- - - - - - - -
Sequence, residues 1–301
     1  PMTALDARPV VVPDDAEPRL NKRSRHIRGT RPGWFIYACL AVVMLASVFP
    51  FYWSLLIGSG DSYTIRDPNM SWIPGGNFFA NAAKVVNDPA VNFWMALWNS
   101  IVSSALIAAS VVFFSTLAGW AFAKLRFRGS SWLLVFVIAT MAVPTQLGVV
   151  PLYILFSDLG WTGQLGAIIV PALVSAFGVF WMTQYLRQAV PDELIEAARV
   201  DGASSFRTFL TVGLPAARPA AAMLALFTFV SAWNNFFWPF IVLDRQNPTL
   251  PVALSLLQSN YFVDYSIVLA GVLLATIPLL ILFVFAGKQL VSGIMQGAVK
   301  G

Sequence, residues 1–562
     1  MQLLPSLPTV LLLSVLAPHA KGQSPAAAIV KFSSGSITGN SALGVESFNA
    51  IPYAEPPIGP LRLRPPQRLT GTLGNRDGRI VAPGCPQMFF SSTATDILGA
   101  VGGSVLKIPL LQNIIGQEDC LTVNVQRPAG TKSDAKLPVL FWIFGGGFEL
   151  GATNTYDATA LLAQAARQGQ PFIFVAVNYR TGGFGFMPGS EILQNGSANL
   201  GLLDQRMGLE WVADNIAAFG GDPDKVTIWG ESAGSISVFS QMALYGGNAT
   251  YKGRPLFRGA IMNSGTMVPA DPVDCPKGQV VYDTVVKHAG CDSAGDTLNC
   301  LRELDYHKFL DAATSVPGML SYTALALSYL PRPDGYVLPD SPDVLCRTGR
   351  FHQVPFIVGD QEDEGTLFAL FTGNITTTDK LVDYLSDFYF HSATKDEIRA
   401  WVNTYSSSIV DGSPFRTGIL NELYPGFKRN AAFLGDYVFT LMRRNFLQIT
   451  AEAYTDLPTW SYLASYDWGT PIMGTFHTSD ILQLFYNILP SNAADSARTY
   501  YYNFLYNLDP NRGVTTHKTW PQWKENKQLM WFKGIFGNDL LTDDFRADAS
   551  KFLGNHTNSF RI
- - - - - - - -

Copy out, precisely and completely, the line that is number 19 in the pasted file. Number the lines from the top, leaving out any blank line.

   451  AEAYTDLPTW SYLASYDWGT PIMGTFHTSD ILQLFYNILP SNAADSARTY